How It Works: Science and Technology - Vol. 15

By Wendy Horobin | Go to book overview

Sextant

An early model of a
sextant. This nautical
instrument was introduced
in the 18th century and
revolutionized travel by
enabling accurate mapping
of the world.

Since the earliest ocean voyages navigators have had to fix their position at sea by means of measuring the angles above the horizon of heavenly bodies: the Sun, Moon, and stars. The simplest, and least accurate, of these methods is to measure the altitude (angle above the horizon) of the Pole Star (in the Northern Hemisphere). More accurately, the altitude of the Sun at local noon or of bright stars whose position is known at their highest point will give the latitude after simple calculations from tables.

The first instruments to be used for measuring these angles were astrolabes, cross staffs, back staffs, and quadrants—all variations on the theme of a sighting bar moved along a scale of degrees. In most cases, it was necessary to view both the star and the horizon at the same time from the deck of the ship, and it is not surprising that the observations were inaccurate. In the case of the quadrant, the reference point was not the horizon but a plumb line attached to the scale. This instrument made it possible to concentrate on the star only, but the plumb line could easily swing about, leading to further errors.

The device that replaced these instruments, the forerunner of the sextant, was the reflecting octant invented by an Englishman, John Hadley, in 1731. The principle and design of the octant was the same as that of any sextant in daily use today: the main difference is that the octant had a scale that was one-eighth of a circle, 45 degrees, and a sextant has a scale of one-sixth of a circle, 60 degrees. Because both devices measure an angle that is reflected by a mirror, the octant will measure angles up to 90 degrees, and the sextant, angles up to 120 degrees.

Hadley’s invention used a pair of small mirrors to reflect the image or the star to be observed so that it appeared to be on the horizon. The navigator could keep both in view at the same time, and as the ship rolled, both would move together. The movable mirror was attached to the pivot of the movable index bar at the radius of the scale or arc, so that, as the angle was changed, the mirror would move. This mirror reflected the star’s image to a second mirror, permanently set to view the first one. The navigator looked through a sight to the second mirror, past which he could see the horizon. He moved the first by moving the index bar until the star’s image reflected by both mirrors exactly touched the horizon. The angle was then read off the arc, which was graduated in degrees (but twice as closely as a true scale of degrees, to allow for the mirror’s reflection).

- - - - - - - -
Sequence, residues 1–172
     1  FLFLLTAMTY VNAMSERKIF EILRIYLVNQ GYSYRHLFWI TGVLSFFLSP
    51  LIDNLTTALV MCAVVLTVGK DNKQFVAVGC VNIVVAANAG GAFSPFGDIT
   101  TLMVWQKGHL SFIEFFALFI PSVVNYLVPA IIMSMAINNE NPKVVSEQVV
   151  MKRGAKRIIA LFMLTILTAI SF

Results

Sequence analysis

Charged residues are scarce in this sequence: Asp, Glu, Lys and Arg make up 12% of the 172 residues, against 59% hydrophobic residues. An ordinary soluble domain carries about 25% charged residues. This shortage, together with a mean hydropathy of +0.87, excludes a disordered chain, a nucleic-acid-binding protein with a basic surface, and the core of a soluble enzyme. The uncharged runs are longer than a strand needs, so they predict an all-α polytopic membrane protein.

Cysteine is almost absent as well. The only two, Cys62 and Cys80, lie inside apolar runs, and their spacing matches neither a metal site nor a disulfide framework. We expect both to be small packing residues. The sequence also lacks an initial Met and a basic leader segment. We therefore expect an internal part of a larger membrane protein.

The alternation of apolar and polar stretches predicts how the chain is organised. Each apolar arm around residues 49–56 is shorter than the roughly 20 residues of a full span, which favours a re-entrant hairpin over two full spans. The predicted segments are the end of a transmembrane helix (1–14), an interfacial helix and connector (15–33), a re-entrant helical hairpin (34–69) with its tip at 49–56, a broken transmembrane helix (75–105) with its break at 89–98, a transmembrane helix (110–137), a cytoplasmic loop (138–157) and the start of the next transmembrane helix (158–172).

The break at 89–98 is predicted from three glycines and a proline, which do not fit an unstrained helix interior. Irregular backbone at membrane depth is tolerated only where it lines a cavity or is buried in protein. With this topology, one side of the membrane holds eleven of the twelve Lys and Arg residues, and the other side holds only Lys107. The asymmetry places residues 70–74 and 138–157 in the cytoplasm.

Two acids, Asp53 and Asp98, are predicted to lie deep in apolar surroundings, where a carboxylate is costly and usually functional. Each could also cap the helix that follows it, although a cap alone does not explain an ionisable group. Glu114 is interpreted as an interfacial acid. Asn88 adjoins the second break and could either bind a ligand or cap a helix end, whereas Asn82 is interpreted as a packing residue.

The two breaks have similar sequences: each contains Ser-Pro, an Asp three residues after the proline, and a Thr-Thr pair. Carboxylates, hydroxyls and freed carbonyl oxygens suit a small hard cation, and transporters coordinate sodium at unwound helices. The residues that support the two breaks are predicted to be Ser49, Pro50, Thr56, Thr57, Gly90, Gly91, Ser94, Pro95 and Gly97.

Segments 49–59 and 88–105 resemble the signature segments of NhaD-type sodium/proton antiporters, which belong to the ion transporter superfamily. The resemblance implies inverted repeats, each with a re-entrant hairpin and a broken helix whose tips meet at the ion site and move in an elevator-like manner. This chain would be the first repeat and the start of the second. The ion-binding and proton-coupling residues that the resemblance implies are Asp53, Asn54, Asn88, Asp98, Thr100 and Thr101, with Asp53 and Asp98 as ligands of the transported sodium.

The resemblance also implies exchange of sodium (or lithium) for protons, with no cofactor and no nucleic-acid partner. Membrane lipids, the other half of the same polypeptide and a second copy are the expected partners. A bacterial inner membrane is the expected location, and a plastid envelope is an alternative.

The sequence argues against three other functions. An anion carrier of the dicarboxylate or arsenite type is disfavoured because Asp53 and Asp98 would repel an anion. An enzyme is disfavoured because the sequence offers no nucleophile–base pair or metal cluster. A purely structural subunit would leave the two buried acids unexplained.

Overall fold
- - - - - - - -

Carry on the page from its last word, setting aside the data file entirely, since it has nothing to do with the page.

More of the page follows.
Hadley’s octant was immediately accepted by navigators. In 1757, John Campbell introduced the true sextant, which was capable of measuring a greater angle. Captain Cook, the English explorer, was probably the first to fully apply the potential of the sextant for measuring not only vertical angles but also angles at any inclination. By measuring the angle between the Moon and a given star, he could calculate the precise time using tables of the Moon’s motion, thus enabling him to find his longitude as well as his latitude— he used this method for the charting of New Zealand during the voyage of 1768–1771 The invention of accurate timekeepers made the procedure unnecessary, and the sextant was then used to measure the altitude of stars or the Sun at precise times, thus giving the longitude whenever it was required.

Although the earliest sextants and octants had simple sighting devices, the accuracy was much improved by the use of a small telescope instead. The second mirror, the horizon mirror, would be silvered only across half its width so that the telescope would show both the horizon and the star side by side. Dark filters could be moved into the light paths to cut down the brightness of the Sun or horizon.

-2062-

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How It Works: Science and Technology - Vol. 15
Table of contents

Table of contents

  • How It Works® Science and Technology 2017
  • Title Page 2019
  • Contents 2020
  • Salvage, Marine 2021
  • Satellite, Artificial 2024
  • Schlieren Techniques 2030
  • Screw Manufacture 2032
  • Seaplane and Amphibian 2035
  • Sea Rescue 2038
  • Security System 2042
  • Seismology 2046
  • Self-Righting Boat 2050
  • Semiconductor 2052
  • Servomechanism 2055
  • Sewing Machine 2058
  • Sextant 2062
  • Sheet Metal 2064
  • Ship 2067
  • Shutter 2074
  • Silicon 2076
  • Silicone 2078
  • Silver 2079
  • Sine Wave 2081
  • Siphon 2083
  • Ski and Snowboard 2084
  • Skin 2087
  • Skyscraper 2090
  • Slaughterhouse 2096
  • Sleep 2099
  • Smell and Taste 2103
  • Soap Manufacture 2107
  • Soft-Drink Dispenser 2109
  • Soil Research 2110
  • Solar Energy 2114
  • Solar System 2118
  • Solenoid 2124
  • Sonar 2126
  • Sorption 2129
  • Sound 2131
  • Sound Effects and Sampling 2136
  • Sound Mixing 2138
  • Soundproofing 2140
  • Sound Reproduction 2142
  • Soundtrack 2146
  • Space Debris 2150
  • Space Photography 2152
  • Space Probe 2156
  • Index i
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